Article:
Commenting on the initiative and its implementation, a Tax Partner at PricewaterhouseCoopers (PwC), Abeku Gyan-Quansah, said based on publicly available information and the intention of the government to deal with the challenges associated with VAT in the country, the introduction of the e-VAT “is obviously a good initiative”.

He explained that the challenges included entities and people who collected the VAT but did not remit to the revenue authority and others who did not collect them at all, though they were eligible.

Mr Gyan-Quansah, who is also the PwC West Africa Indirect Tax Leader, added that when a business operation was placed on the e-VAT, the expectation was that it would give the GRA an almost instantaneous information about the revenue due it.

“It is expected that so long as we are billing you through this system, it reduces the propensity for VAT fraud because the GRA will have almost instantaneous information. So in our view, what the government intends to achieve with the electronic VAT is a good thing,” he stated.

Throwing further light on the background of the initiative, the Tax Partner traced the antecedents of the e-VAT to the Taxation (Use of Fiscal Electronic Device) Act, 2018 (Act 966), which provided for the use of an approved Fiscal Electronic Device by specified taxable persons at each point of sale on the premises of the taxable persons for tax compliance and promotion of cashlite sale transactions, and for related matters.

After the law was gazetted in 2018 for implementation to start, supported with two publications in the dailies with national coverage, the exercise never took off four years down the line.

After failing to implement the 2018 law, the VAT law was amended to support the e-VAT. The Value Added Tax (Amendment) No. 2 Act, 2022 (Act 1087), which introduced the e-VAT came into effect on September 12, 2022.

After the delays in implementing the first law and the coming of the second, as well as the euphoria that greeted the implementation with the arrest of some managers of shops for not issuing the e-VAT, Mr Gyan-Quansah said the interest had died down, bringing into question why some people had to suffer such consequences if the whole initiative was not going to be implemented.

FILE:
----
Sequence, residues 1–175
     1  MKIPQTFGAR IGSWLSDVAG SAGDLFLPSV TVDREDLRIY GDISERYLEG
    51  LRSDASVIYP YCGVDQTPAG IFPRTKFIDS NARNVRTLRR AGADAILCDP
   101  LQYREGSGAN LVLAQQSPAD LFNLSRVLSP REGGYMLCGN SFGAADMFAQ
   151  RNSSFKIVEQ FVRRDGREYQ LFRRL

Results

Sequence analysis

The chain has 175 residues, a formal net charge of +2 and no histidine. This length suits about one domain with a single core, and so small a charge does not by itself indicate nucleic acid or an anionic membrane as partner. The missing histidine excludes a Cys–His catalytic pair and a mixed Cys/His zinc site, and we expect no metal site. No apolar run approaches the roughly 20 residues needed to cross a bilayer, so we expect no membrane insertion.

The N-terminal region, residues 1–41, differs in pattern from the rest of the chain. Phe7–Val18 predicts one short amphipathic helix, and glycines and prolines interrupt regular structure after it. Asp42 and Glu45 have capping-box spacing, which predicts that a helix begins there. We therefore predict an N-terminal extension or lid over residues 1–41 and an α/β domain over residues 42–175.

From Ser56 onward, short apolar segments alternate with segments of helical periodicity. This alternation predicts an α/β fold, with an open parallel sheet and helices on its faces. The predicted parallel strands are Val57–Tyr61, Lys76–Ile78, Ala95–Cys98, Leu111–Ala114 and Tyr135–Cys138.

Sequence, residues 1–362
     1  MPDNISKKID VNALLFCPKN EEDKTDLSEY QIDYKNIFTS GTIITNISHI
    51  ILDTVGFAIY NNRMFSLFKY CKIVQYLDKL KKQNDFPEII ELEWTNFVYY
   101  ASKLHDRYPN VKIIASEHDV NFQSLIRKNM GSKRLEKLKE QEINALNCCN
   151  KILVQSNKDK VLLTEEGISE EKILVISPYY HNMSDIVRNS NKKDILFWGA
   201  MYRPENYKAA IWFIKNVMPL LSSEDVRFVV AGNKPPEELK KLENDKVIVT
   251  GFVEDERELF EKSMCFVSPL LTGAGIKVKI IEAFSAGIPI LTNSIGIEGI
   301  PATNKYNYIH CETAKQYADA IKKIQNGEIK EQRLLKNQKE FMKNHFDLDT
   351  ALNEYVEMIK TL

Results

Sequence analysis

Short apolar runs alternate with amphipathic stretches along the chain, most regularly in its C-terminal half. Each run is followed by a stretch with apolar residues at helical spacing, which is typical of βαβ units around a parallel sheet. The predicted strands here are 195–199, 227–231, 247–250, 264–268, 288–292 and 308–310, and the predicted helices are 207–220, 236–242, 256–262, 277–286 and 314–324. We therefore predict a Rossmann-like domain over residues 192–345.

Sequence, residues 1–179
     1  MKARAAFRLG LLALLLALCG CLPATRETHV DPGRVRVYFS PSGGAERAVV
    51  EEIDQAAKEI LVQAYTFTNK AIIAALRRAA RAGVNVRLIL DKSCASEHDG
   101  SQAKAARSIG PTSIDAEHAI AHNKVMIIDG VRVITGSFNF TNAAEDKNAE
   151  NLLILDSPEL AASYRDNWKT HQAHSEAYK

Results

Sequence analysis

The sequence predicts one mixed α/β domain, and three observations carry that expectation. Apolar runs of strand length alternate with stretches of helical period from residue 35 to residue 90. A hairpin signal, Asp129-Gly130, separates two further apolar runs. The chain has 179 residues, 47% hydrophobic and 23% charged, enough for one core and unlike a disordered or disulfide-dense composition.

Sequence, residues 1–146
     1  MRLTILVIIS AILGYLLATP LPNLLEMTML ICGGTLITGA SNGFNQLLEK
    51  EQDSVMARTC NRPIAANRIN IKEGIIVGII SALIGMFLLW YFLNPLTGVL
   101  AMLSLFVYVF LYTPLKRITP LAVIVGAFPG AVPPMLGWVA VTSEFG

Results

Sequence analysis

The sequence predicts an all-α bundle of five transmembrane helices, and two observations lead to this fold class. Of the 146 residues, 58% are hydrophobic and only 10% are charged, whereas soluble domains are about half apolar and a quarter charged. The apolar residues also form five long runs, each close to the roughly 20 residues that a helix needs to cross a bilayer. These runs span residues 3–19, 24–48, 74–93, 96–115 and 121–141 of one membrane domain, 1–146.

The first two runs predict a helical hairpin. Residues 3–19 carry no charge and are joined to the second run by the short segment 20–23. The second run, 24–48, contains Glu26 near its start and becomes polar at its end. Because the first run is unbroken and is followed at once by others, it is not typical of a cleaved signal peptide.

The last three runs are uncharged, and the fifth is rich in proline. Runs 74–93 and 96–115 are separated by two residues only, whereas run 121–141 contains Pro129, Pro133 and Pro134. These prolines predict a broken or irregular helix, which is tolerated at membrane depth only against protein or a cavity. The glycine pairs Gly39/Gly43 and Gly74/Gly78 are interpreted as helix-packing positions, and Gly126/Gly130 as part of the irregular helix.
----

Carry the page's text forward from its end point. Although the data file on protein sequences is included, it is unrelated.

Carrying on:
The tax expert said since the e-VAT was part of the invoicing system of the companies required to implement it, it would create an uneven playing field for a company that implemented it against another which did not, making the compliant company uncompetitive in the face of the non-compliance of others.

Mr Gyan-Quansah said for that reason, PwC as an advisory firm could not be happy with the pace of implementation of the e-VAT, since it gave advantage to companies that did not comply to the disadvantage of those that complied, clearly creating an uneven playing field.

GRA deployed the e-VAT invoicing system after Section 42 of the VAT Act, 2013 (Act 870) as amended to make electronic invoicing (e-invoicing) the sole medium for issuing VAT invoices.

The system is to enable GRA to counter the various malpractices that the GRA said were denying the state billions of cedis in tax revenue. Since VAT is a consumption tax, the electronic system will allow most of the population to contribute to the tax basket and answers calls for the tax next to be widened, the GRA said after the system took off on October 1, 2022.

Under the first phase of the implementation, the exercise was to cover more than 600 large taxpayers, including listed companies, which account for more than 80 per cent of domestic revenue and up to 90 per cent of VAT collections.

The GRA said the e-VAT was expected to cover all VAT taxpayers by 2024. The Head of the Domestic Tax Revenue Division (DTRD) at GRA, Edward Apenteng Gyamerah, told a section of the media on Friday, September 30, 2022 that the e-VAT invoicing would also help the authority to monitor transactions in real-time, thereby ensuring transparency and eliminating under-invoicing, under carding and non-issuance of VAT invoices.

He said through the exercise, GRA aimed to raise VAT’s contribution to tax revenue to 20 per cent by December last year and 30 per cent in 2024.